“It’s really a way to document our travels and to showcase our experiences,” Desiree said.

They started on their video series right away, before they even had their vessel. In the first four of their video episodes, you can watch them search for and purchase the boat that will become Atticus.

Their boat was a diamond in the rough and needed a lot of work to make her the perfect home for Jordan and Desiree’s world expedition. They are currently deep into a complete refit of Atticus.

“It’s taken longer and is more difficult than we expected,” Desiree said of the refit.

Desiree, Jordan & Project Atticus: Seeking Knowledge & Adventure

Desiree paints the Project Atticus logo at the boatyard

The pair has been working on their boat nearly full-time for two years now, doing all the work themselves. They decided to DIY originally to save money, but have found that it has added benefits.

“[Doing the work ourselves] also makes us more capable sailors and boat owners. The feeling caught and now we do everything for the boat ourselves,” Desiree said. “It’s cool to have the empowerment to do things that people think you can’t do.”

Projects on their list included making curtains for their cabin, as well as sewing new settee and v-berth cushions. While looking for v-berth cushions online, Desiree found Sailrite’s How to Make V-Berth Cushions Video and decided to try her hand at sewing. She got an Ultrafeed Sewing Machine, Sunbrella fabric and set to work on her first project—curtains.

“I was super anxious for sewing and I was intimidated by the machine at first,” Desiree admits.

But after her first project, Desiree started to feel differently about her machine.

“I used to enjoy the prepping more, but now I enjoy the sewing more,” she said, describing sewing now as being almost a tranquil, zen-like feeling.

After completing her curtains and new settee cushions for their saloon, Desiree is now working on the v-berth cushions, which is purposely saved for her third project because she knew they’d be tricky. After that she’d like to make a sail, a sail cover and an awning for their cockpit.

While doing her canvaswork Desiree has learned that “there is a lot of finesse in sewing” but she loves the pride that comes from completing her projects.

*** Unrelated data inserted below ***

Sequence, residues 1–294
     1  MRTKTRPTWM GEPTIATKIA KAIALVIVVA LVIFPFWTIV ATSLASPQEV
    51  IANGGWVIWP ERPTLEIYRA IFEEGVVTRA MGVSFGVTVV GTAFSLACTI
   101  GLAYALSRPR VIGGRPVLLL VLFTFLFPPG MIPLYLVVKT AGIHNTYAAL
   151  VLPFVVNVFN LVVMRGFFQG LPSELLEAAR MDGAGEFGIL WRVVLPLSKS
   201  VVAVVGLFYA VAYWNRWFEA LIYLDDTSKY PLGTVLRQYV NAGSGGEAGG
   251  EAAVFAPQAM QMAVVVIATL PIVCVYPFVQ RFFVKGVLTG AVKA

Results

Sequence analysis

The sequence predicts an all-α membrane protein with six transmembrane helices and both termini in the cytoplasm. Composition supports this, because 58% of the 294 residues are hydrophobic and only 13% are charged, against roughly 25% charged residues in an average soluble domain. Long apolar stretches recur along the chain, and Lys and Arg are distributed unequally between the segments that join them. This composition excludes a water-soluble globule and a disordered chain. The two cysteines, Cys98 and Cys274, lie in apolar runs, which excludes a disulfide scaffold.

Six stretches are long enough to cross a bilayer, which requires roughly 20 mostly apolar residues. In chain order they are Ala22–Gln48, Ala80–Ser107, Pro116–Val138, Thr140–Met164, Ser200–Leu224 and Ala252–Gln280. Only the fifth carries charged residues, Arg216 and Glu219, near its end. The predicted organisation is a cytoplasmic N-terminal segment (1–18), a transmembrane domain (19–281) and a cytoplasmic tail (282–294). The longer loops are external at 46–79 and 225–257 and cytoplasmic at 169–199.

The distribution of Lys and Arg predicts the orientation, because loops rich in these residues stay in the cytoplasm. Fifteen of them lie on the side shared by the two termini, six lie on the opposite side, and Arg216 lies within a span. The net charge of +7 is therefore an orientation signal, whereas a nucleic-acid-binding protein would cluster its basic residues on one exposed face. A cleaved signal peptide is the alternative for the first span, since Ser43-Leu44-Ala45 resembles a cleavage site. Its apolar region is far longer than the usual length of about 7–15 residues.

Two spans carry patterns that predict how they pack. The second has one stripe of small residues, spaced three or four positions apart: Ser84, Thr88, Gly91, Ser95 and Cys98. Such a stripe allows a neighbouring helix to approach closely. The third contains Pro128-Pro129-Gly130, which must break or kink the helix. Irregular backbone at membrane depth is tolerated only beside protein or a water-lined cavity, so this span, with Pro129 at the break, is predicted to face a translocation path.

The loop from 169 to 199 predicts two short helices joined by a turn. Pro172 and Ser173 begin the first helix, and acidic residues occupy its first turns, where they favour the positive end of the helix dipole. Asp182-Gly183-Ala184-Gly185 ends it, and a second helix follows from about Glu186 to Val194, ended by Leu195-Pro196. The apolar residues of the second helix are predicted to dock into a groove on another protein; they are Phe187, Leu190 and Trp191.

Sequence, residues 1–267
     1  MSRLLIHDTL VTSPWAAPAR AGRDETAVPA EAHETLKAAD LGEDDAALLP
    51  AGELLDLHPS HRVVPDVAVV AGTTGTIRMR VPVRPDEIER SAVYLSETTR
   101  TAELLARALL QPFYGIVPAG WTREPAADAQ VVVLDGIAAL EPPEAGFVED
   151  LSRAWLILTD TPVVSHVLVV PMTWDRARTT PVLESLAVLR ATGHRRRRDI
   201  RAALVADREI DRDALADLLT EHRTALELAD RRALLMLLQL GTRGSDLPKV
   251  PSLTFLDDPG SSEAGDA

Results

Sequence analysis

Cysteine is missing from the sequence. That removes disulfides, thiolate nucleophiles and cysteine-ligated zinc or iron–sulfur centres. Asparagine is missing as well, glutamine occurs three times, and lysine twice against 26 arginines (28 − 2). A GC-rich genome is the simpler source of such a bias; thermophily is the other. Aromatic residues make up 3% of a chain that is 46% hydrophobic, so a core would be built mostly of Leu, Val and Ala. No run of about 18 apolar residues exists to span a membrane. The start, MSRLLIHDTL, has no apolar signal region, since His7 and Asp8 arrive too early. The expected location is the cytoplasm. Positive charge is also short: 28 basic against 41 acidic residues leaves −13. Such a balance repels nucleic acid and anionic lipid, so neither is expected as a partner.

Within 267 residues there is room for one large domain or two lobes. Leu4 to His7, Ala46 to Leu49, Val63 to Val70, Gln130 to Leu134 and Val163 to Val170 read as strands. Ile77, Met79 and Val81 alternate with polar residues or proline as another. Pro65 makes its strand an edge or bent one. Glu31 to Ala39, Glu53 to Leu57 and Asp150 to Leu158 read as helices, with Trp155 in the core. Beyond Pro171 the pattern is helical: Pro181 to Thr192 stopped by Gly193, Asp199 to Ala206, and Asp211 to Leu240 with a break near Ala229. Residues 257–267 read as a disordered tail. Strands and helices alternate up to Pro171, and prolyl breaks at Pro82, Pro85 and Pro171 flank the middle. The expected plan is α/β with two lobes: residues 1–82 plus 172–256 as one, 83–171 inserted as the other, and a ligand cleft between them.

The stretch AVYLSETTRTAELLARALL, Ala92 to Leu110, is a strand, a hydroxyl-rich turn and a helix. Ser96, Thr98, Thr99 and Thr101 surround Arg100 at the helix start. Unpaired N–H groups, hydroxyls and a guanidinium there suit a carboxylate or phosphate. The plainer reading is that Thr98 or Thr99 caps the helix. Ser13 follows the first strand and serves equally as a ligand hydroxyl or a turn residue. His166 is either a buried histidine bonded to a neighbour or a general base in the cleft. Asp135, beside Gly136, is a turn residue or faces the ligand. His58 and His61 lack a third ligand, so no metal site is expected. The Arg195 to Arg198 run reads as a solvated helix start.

“It’s cool that I really only know the bare minimum about sewing but I can make functional lifestyle projects,” she said.

Desiree, Jordan & Project Atticus: Seeking Knowledge & Adventure

Look at that Ultrafeed love!

She has also been really pleased with her Ultrafeed Sewing Machine.

“I love it,” she said. “It’s like having a MacBook Pro. It’s reliable and strong. My favorite part is the Sailrite videos. I can take it right out of the box without having to call anyone for help.”

Desiree advises other new sewers to find a mentor, an individual or a group, to ask questions of during the process. She found a lot of help from Sailrite and the Facebook groups “The Sailrite Users Group” and “Sewing On Boats.”

“Get a seam ripper,” she added, laughing. “Don’t be intimidated to do things over again to get them right. Also gorge on Sailrite videos.”

After two years working on their refit, Jordan and Desiree have put their hearts and souls into their boat and at time things have been really challenging.

“The emotional cost of cruising—the time you never get back—that’s the hardest part,” Desiree said. “When we’re just working and working and not sailing and not living a beautiful dream.”

Desiree, Jordan & Project Atticus: Seeking Knowledge & Adventure

Desiree’s finished curtains & settee cushions

Desiree thinks that throughout their refit they have learned valuable skills both about their boat and about life that will help them on their adventure. They’ve had to take odd jobs and learn how to sustain their dream financially (neither is independently wealthy) but Desiree now feels that they will be able to make money anywhere they go to maintain their lifestyle.

“It’s made us more self-reliant and more resourceful. We’re also better at managing expectations,” she said of their refit. “It’s made us more humble about learning and that to learn, you have to fail.”

All in all both Jordan and Desiree feel that their DIY efforts have been well worth it.

“Jordan and I have been talking a lot about the pros and cons of DIY,” Desiree said. “We realized that even though sometimes you spend the same amount of money, we are the kind of people who like to know how to do things for ourselves. The amount of happiness it brings is worth knowing.”

And it’s that same love of knowledge that lead them to this adventure in the first place. That drive to see things for themselves and to truly “know their world.”


You can follow along with Jordan and Desiree through their video updates and their blog posts. Visit their website, ProjectAtticus.com to see and learn more.